Transforming the Diagnostic Process of Detecting and Treating Blinding Eye Disorders
Prevalence of Retinal Disease
The eye is a fascinating structure. Most of the time, it does an incredible job of delivering clear vision. However, that is not always the case. A wide variety of eye disorders can impact vision, from cataracts and glaucoma to retinal disorders. The most common retinal diseases are macular degeneration, diabetic retinopathy, and retinal vein occlusions. Other conditions that can impact the retina include retinal detachment and macular hole, among others.
Blindness in Retinal Disease
Diseases of the retina are essential to identify. They can have devastating consequences on vision. Many retinal conditions can lead to blindness if not caught early. The good news is that most of these eye disorders are treatable.
Approximately 11 million people in the United States suffer from macular degeneration. The prevalence worldwide is around 170 million. There are two types of macular degeneration: dry and wet. The dry form makes up approximately 90% of cases, while the wet form makes up the remaining 10%. It is vital to identify the dry form early, as the prescription of antioxidant vitamins can help slow its progression. Patients can also be counseled to look out for advancement to the wet form. They can be given specific tools to help with this. The wet form requires prompt diagnosis in order to coordinate treatment by a retina specialist.
In 2018, 34.2 million Americans, or 10.5% of the US population, had diabetes. The prevalence of diabetic retinopathy among these patients was 14.7%. In the early stages of diabetic retinopathy, patients need to be counseled on the importance of blood sugar control and the potential for vision loss. This is a crucial time for conversation, when it has the most potential for successful intervention. Without early treatment, more advanced forms of the disease, such as proliferative retinopathy or cystoid macular edema, can develop. These require treatment by a retina specialist.
Retinal vein occlusions are the second most common cause of vision loss due to retinal vascular disease. Although relatively rare, up to 0.2% for central vein occlusions and up to 2% for branched retinal vein occlusions, these conditions need to be identified and treated in order to prevent vision loss. Patients also need counseling on the systemic conditions that can contribute to retinal vein occlusions, such as hypertension, diabetes, and hypercholesterolemia. Again, time is of the essence when it comes to the diagnosis and treatment of these conditions.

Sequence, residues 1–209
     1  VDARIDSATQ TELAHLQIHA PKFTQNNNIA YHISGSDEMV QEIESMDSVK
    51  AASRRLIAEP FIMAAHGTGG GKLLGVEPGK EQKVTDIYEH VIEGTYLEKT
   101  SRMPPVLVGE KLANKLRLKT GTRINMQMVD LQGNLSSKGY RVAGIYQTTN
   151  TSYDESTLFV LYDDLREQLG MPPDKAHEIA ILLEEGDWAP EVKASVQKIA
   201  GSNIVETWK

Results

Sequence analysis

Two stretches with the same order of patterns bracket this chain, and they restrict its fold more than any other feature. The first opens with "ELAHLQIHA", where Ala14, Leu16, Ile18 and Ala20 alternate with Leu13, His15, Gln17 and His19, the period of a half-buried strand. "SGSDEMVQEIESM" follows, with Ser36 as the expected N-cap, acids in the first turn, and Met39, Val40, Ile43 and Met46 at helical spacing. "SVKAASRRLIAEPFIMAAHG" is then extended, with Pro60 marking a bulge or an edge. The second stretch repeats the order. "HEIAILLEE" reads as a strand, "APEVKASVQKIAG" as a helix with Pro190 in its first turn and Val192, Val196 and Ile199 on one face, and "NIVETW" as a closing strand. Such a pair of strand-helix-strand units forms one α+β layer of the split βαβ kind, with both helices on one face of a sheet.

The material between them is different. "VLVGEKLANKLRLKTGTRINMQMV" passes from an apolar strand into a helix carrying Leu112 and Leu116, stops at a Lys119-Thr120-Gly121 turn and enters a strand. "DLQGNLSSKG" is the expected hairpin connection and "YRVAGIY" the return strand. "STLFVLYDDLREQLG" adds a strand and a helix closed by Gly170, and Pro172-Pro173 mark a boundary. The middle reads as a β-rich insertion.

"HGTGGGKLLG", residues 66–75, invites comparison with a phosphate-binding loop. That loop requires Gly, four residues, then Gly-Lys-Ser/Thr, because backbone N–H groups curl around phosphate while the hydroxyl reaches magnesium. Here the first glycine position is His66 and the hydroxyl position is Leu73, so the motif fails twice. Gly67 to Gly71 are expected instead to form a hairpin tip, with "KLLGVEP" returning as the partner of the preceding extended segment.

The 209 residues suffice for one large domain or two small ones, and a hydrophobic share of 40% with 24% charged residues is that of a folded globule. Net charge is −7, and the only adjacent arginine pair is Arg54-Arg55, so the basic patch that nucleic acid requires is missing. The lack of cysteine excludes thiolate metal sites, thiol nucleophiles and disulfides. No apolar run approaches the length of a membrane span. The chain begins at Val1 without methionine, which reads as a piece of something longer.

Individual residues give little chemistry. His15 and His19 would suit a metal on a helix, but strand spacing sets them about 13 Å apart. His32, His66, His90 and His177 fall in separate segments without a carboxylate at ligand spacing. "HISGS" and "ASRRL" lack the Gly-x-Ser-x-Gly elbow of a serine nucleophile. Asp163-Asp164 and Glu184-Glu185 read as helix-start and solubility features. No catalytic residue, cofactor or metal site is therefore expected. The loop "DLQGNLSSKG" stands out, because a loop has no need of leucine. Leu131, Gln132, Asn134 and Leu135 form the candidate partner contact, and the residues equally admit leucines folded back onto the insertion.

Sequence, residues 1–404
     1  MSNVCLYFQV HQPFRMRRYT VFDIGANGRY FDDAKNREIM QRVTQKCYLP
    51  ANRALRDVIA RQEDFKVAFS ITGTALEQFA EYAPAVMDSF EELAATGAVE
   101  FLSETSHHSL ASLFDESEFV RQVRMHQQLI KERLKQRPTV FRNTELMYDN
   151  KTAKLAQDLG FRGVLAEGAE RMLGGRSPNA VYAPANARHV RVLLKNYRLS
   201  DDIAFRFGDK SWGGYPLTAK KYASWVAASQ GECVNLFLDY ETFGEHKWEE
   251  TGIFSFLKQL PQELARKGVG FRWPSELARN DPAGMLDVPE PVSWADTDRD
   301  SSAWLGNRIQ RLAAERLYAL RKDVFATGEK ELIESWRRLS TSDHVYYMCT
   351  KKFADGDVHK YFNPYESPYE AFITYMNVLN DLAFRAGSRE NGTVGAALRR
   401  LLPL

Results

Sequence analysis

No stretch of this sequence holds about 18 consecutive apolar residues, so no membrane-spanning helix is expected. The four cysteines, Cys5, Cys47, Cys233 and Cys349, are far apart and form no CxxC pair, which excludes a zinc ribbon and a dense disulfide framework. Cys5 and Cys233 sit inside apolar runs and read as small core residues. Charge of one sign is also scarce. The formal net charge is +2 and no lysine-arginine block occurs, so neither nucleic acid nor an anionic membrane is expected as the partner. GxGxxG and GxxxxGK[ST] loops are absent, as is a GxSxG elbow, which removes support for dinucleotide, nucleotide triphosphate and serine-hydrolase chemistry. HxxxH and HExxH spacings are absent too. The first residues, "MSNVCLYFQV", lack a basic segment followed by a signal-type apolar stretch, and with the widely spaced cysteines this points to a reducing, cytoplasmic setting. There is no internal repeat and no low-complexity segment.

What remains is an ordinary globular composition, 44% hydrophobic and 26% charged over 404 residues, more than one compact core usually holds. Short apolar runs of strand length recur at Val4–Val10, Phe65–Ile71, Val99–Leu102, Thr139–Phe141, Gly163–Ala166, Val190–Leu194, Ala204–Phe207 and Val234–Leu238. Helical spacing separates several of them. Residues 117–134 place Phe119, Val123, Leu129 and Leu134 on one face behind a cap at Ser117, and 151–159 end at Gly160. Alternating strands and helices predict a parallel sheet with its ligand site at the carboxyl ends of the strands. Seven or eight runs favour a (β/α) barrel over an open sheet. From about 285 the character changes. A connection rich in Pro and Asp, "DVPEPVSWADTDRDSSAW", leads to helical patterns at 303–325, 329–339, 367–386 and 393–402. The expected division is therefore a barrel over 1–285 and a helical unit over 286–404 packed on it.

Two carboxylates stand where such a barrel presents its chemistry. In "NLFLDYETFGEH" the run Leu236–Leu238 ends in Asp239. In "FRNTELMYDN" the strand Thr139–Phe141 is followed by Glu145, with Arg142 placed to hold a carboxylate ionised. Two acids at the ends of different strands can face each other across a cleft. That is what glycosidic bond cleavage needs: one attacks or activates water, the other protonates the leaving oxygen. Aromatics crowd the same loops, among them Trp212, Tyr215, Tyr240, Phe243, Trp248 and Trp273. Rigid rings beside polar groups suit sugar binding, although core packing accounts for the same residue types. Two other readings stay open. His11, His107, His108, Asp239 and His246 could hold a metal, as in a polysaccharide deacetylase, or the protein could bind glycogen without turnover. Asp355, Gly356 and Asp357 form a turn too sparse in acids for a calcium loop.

The “Fundus Photography versus Ophthalmoscopy Outcomes in the Emergency Department” study found that 13% of patients who went to the emergency room with a headache, acute focal neurological deficit, acute visual changes, or diastolic blood pressure ≥120 mmHg have ocular fundus abnormalities. It is crucial that these be identified in a timely manner.
For the best treatment outcome, retinal diseases need to be diagnosed early. Although the American Optometric Association recommends annual eye examinations for those sixty-five and older, this does not always happen. Barriers such as time pressure, lack of access, insufficient education, fear, transportation problems, and insurance coverage issues prevent patients from getting eye exams.
The Primary Care Physicians’ Role in Detecting Eye Disorders
Although patients don’t always visit their eye doctor, they often do see their primary care physician. If a patient presents with a visual complaint, primary care physicians may want to use a direct ophthalmoscope to view the retina. However, this tool can be cumbersome and difficult to operate. The field of view is small, making it difficult to get perspective. The light needs to be sufficiently bright to properly view the retina, yet not so bright that patient cooperation plummets. The difficulties of using an ophthalmoscope can be discouraging, leading to avoidance of retinal exams and patient outcomes suffer as a result.
A good quality non-mydriatic retinal camera can serve as an excellent substitute for direct ophthalmoscopy. It can provide more information on retinal health than was ever thought possible. Optomed Aurora is a portable handheld retinal camera that can be used in a primary care doctor’s office to screen for fundus abnormalities. It’s quick and easy, so it can be delegated to staff. It doesn’t require pupil dilation, which means patients can drive themselves home. The Optomed Aurora has a 50-degree field of view, compared to the 5-degree field of the direct ophthalmoscope. This enables fundus details to be sufficiently captured in a high-quality four-inch photograph. Images can then be read via telemedicine. Due to the camera’s clarity of imaging and consequent ease of interpretation, patients who need referrals can easily be identified and categorized by level of urgency. This technology can reach patients in rural and underserved areas, who may struggle with barriers such as transportation problems and lack of access to a specialist. Finally, there’s a tool that can identify retinal disease easily, allowing for prompt intervention and ultimately, preventing blindness.
Here at Optomed, our mission is to help save the vision of millions of people. By integrating our software and artificial intelligence solutions with our camera, we enable eye screening for everyone, wherever they are. To see how we can equip you to save the sight of more patients, schedule a free consultation today!